A number of years ago, out of the blue, I was given a Breville multi-cooker, which has an adequate sear for braising and a sauté setting. It does do basic pressure cooking (not as much pressure as stove top, but adequate) as well as slow cook, with programmed suggestions for time and mode, which I find useful. It's often off an hour for my druthers, but that's adjustable too. It automatically goes to food safe temperature keep warm when the timer is up, and tracks how long the keep warm is going. It's all very fancy, unlike the old on/off or hi/lo/off Crockpots, but I really like it. The first thing I used it for, in slow cook mode, was bean stew! Everything new is old again. ;)

  • Olychick
    last month

    I have a crockpot from the 1970's. It's large enough to hold a whole chicken. When I was working, I'd put a whole frozen chicken in in the morning, turn it to auto shift, it would cook on high for several hours then kick down to low for the remaining time. After 8 - 9 hours, the chicken would be thoroughly cooked, falling off the bones and steaming hot. I never had any concerns about safety. I also cooked frozen turkey hindquarters the same way, but sometime had to saw the end of the leg bone off to get the lid to close.
    I seldom use it now because I live solo and don't really cook that volume, although I used it recently to caramelize a whole bag of onions! I'd read about doing it that way instead of watching on the stove. I have an electric glass top range and find the controls difficult to manage for things that have to cook long and low. Either it's too hot, or not hot enough and requires constant fiddling to get it just right. I have no patience for that. Grew up cooking with gas and still default to that mode (instant heat, instant off) and frequently burn things, even tho' I've cooked on electric stoves for 50 years, lol!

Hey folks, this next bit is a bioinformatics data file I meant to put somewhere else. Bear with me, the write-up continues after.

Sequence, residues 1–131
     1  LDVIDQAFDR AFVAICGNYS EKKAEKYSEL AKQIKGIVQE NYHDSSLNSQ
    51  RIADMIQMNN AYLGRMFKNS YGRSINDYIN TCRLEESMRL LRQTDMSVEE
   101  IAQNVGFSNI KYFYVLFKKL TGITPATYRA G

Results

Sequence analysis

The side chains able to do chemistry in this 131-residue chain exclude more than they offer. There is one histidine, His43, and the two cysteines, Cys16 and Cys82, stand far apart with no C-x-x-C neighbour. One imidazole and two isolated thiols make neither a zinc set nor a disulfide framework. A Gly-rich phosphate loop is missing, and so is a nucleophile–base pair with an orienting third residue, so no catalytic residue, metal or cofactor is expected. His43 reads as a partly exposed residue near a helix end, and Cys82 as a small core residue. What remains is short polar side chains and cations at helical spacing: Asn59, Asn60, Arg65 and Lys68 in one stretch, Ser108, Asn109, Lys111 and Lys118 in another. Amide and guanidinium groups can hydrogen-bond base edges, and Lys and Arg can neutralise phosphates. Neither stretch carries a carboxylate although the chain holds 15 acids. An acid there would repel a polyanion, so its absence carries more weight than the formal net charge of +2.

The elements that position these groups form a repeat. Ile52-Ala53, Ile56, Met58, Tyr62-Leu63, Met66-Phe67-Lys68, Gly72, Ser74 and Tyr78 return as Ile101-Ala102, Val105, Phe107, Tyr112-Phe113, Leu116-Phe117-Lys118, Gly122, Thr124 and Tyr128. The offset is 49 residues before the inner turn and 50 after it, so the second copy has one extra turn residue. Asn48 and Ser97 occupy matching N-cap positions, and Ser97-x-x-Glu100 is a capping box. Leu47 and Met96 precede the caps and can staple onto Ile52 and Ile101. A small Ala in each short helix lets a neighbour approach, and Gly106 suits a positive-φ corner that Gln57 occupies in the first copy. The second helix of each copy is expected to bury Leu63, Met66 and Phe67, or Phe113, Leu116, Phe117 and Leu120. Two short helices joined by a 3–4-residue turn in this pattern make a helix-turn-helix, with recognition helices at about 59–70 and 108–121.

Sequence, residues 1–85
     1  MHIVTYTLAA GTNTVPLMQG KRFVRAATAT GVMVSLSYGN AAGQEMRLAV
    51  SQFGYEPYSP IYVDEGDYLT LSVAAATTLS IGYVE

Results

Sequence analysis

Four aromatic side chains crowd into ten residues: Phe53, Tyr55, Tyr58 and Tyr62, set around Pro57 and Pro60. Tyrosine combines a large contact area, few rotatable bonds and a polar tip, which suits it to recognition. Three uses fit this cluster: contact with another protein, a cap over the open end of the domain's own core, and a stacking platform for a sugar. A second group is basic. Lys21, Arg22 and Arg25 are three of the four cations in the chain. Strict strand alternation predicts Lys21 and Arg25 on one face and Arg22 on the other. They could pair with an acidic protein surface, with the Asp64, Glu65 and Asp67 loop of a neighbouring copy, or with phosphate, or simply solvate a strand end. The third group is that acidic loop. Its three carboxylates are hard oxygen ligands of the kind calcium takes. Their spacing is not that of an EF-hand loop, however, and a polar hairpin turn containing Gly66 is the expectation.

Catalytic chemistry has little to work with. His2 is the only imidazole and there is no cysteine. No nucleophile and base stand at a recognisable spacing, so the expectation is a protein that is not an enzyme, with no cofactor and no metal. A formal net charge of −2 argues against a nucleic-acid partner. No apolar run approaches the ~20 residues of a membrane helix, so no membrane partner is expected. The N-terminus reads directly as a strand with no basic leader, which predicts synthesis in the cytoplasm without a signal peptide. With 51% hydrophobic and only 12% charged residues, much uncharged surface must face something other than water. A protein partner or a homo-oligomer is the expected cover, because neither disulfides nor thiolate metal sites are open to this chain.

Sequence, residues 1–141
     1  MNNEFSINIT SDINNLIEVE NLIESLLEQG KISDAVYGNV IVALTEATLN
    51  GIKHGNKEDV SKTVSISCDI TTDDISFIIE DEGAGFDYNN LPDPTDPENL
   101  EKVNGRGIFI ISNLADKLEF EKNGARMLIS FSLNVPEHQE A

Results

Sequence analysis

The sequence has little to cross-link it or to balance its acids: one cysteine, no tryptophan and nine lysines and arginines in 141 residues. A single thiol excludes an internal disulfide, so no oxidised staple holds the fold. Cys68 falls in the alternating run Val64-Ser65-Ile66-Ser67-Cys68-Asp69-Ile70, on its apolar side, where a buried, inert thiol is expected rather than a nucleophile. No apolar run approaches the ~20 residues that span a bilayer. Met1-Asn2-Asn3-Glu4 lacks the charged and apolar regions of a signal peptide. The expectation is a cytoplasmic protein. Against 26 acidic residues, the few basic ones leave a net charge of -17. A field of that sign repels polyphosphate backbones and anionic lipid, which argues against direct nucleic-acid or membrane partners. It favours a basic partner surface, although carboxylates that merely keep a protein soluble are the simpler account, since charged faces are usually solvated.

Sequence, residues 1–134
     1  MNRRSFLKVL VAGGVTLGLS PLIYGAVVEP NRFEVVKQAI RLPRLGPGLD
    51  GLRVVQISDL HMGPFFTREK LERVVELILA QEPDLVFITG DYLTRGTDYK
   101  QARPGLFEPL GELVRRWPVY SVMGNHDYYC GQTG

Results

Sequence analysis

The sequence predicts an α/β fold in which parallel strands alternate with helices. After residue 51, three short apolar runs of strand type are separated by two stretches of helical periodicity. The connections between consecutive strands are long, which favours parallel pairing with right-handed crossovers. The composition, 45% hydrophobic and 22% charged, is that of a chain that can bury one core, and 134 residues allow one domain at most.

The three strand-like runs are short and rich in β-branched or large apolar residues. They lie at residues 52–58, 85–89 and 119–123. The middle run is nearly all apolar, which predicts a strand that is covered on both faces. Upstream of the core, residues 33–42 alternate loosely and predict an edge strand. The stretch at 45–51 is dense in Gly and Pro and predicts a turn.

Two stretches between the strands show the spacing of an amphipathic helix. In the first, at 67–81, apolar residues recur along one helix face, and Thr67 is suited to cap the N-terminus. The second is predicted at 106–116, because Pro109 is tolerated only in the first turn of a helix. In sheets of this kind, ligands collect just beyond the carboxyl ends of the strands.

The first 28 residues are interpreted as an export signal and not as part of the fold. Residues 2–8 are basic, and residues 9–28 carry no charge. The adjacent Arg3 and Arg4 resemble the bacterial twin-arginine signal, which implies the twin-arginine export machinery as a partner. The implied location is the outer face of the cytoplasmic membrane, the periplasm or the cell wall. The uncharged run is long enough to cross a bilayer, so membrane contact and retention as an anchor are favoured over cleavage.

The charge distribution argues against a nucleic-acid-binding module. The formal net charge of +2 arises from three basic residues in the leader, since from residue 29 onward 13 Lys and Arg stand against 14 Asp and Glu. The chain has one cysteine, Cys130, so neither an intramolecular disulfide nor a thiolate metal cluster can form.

• caflowerluver
    last month

    I have had one, though replaced a couple of times, for 44 years. I have 6 or more cookbooks. I use it to make all kinds of foods, main course to desserts to making preserves. It is the best way to make sauerbraten for Christmas dinner. Happy birthday Crockpot!

  • colleenoz
    last month

    We received two crockpots as wedding gifts back in the early 80s. When the second one finally died a couple of years ago I bought a larger replacement one. I make stews and curries in mine, and it's especially good for making stock- I load it up while I'm cooking dinner, and the next morning the house smells delicious and I have stock for making soup for lunch :-)

  • Rho Dodendron
    last month

    Using a crock pot is the ONLY way I cook soup. Olychick is the only other person besides me who puts frozen chickens in the pot and has a meal perfectly cooked by dinnertime.

    My 1st crockpot was a wedding gift 1979. The base lived about 25 years. I still use the 5 qt. pot and lid on top of the stove when I need a rectangular pot.

    Second crock pot was ceramic and weighed as much as me. I finally gave it to a daughter and bought a metal Westbend crock pot about 4 years ago. It's great for poultry, lamb stew, soup, apple sauce, and a few other things I can't think of now. My son offered to give me an instapot and I declined.

  • lovemycorgi z5b SE michigan
    last month

    I have multiple crock-pots, some newer with a timer. But I treasure my early nineties‘ crockpot that cooks at a lower temperature than my newer ones; I can make chocolate/peanut candies in that one without the chocolate scorching.

    Today I am using my 6qt crock-pot to make Corn Chowder, a recipe that was posted on here last year and is quite tasty!

    I’ve slow cooked hams, turkey breasts, and pork loin/shoulder for pulled pork. Also chilis, soups, and stews. I also use them to keep food warm for large family get-togethers. I find them much more useful than my instapot.

  • lindac92
    last month

    Never had one and never want one. I have a cast iron dutch oven ( or 2 or 3...or 4) and an oven ( or 2) and that works well for me for slow cooked dinners.

  • Jasdip
    last month

    I love my crockpots. I have a large 6.5 quart which I only use for ribs now. I have a smaller 5-quart oval one which gets the most use. and a wee one for when I do meatballs and that kind of thing.

  • bragu_DSM 5
    last month

    beans to celebrate

  • lowspark
    last month

    I had one a long time ago that didn't have a removable pot. What a PITA to clean that thing. Only used it a few times and got rid of it.